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U.S. ditches negative Covid test for international visitors

U.S. ditches negative Covid test for international visitors

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The Omicron variant surge propelled the Biden administration in November to tighten Covid restrictions for people flying into the United States, requiring a negative Covid test just one day prior to travel. Depending on Covid-19 subvariants, the predeparture testing rule could come back, the official said.

“If there is a need to reinstate a pre-departure testing requirement — including due to a new, concerning variant — CDC will not hesitate to act.”

Leaders from Airlines for America — which represents major air carriers — and the U.S. Travel Association last month met with White House officials to again ask the administration to scrap the testing requirement, arguing that Covid cases are subsiding worldwide. In addition, they argued that air travel shouldn’t be singled out when other mass gatherings have no such restriction.

Furthermore, they said, the U.S. does not require testing for travelers crossing a land border to get in, and the federal government doesn’t require a negative Covid test to travel domestically. According to an analysis from Morning Consult, 39 percent of Americans have said the testing requirements make them less willing to travel internationally, said Lindsey Roeschke, Morning Consult’s travel and hospitality analyst.

Tori Emerson Barnes, U.S. Travel’s executive vice president of public affairs and policy, told the Senate Commerce Subcommittee on Tourism, Trade, and Export Promotion on Tuesday the association estimates that “9 billion in travel spending could happen this year” should the U.S. leave pre-departure testing behind “right now.”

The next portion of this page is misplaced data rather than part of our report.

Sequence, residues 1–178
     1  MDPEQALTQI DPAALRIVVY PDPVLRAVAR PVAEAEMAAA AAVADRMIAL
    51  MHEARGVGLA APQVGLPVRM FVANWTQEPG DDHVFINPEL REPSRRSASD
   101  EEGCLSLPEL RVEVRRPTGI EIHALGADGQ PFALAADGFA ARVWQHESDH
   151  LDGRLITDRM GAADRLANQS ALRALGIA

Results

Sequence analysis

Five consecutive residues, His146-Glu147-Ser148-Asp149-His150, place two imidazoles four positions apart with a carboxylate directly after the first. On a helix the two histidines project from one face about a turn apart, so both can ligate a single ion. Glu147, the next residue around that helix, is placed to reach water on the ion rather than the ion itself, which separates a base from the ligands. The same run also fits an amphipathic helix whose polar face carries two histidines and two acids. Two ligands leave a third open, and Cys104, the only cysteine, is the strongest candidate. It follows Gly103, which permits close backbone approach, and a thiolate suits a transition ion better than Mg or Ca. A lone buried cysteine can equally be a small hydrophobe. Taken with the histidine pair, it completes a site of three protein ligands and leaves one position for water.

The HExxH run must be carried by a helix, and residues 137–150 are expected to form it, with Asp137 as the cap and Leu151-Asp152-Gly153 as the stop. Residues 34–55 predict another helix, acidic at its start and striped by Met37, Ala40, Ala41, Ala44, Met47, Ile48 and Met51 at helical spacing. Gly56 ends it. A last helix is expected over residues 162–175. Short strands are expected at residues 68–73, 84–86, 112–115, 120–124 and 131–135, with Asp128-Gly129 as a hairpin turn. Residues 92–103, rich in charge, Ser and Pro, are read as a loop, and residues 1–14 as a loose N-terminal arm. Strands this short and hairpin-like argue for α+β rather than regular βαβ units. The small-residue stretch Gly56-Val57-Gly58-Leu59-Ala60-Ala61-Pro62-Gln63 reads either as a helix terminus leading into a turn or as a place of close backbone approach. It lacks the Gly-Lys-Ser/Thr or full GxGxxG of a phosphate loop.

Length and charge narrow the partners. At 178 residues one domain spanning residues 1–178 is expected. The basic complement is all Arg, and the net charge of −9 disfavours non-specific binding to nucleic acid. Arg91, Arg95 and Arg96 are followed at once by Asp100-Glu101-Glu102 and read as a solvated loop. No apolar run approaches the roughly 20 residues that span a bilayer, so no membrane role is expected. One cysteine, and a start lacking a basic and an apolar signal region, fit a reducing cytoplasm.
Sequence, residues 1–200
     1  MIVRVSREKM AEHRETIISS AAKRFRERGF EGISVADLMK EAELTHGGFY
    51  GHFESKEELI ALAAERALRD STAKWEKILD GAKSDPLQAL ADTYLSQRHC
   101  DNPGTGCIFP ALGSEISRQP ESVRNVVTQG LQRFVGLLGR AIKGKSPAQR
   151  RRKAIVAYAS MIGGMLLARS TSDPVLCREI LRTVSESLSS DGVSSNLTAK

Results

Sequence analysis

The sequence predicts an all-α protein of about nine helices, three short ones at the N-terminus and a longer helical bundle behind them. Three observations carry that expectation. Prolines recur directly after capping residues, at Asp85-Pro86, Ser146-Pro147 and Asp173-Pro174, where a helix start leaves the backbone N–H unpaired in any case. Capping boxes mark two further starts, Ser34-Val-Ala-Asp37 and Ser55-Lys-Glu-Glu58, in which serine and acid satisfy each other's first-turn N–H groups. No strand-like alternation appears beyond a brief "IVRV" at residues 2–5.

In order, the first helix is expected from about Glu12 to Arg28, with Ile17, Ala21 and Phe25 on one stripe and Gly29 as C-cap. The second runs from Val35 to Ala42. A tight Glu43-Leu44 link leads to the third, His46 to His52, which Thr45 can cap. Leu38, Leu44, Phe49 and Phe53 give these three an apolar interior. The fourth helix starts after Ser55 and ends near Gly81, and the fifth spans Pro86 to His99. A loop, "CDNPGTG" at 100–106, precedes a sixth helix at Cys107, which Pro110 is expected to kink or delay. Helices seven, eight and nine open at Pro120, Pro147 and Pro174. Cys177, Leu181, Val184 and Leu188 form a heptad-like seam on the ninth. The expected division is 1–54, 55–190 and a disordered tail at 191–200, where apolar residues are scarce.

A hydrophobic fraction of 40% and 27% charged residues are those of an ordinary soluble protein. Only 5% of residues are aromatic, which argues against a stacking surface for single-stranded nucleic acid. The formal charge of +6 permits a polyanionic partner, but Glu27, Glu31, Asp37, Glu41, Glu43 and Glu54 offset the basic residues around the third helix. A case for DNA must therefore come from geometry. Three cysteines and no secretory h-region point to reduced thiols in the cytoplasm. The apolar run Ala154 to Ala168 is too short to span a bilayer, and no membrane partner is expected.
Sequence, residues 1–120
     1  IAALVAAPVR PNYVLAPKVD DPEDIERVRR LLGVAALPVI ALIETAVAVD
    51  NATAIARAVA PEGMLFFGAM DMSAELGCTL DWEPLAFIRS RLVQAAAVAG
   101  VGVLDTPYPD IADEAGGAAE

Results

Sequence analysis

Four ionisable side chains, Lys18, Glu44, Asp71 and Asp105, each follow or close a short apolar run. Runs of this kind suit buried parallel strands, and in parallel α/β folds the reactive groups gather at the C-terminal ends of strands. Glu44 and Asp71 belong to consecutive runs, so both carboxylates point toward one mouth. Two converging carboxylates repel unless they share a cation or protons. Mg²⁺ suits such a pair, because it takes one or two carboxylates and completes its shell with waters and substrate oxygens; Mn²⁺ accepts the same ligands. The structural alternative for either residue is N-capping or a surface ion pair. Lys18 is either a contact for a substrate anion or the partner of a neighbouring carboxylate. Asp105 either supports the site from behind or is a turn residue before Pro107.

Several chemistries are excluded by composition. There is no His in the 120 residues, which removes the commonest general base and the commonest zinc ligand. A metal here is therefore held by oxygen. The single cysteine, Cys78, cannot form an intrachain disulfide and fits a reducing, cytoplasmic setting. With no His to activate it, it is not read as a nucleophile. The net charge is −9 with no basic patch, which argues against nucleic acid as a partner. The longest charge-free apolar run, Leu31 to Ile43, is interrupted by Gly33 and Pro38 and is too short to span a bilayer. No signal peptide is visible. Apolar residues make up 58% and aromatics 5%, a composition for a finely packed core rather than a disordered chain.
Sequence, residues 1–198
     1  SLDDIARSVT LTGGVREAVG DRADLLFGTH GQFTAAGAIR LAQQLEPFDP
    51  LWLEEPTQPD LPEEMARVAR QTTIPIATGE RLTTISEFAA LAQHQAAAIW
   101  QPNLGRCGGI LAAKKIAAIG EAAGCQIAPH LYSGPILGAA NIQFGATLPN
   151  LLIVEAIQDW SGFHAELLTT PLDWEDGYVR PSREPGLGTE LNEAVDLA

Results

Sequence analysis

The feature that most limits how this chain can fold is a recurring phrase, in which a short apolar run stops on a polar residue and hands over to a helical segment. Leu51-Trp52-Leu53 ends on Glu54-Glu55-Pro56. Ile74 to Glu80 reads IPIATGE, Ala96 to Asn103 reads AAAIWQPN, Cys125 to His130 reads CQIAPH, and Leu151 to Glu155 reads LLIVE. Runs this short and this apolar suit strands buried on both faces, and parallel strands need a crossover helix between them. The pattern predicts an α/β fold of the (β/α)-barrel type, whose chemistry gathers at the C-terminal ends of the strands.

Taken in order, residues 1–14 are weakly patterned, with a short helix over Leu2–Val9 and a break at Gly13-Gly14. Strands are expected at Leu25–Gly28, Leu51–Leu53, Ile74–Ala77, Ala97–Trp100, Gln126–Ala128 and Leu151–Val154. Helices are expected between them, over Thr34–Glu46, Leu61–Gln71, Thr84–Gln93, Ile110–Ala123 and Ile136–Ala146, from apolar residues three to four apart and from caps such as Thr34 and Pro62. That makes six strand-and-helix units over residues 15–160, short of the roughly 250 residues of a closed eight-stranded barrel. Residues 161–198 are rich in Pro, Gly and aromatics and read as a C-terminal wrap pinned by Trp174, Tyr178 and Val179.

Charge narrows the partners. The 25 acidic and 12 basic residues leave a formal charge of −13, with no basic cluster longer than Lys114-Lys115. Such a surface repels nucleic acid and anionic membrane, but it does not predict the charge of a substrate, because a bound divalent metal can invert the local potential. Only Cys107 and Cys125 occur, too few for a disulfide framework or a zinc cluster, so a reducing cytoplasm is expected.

“So it really is important that we do that,” she said.

The public health sector also seems on board with the decision. Scott Becker, CEO at the Association of Public Health Laboratories, cheered the decision, saying “I was never convinced it was adding any real protection,” and that overseas “my experience was that it seems to be ‘pay to play’ for a negative test.”

And Scott Whitaker, the CEO of health technology trade group AdvaMed, said “from a public health perspective it makes sense.”

“From a development and manufacturing standpoint we remain focused on working with the federal government and private customers to ensure we understand demand so we can meet the need. And It remains critical that the Administration lead the efforts on both surveillance and communication to ensure we can do what is necessary to meet the public health need for tests.”

The senior administration official on Friday said the CDC still recommends testing prior to air travel of “any kind.”

“We will be working with the airlines and other partners to ensure a smooth transition,” the official said.

David Lim contributed to this report.

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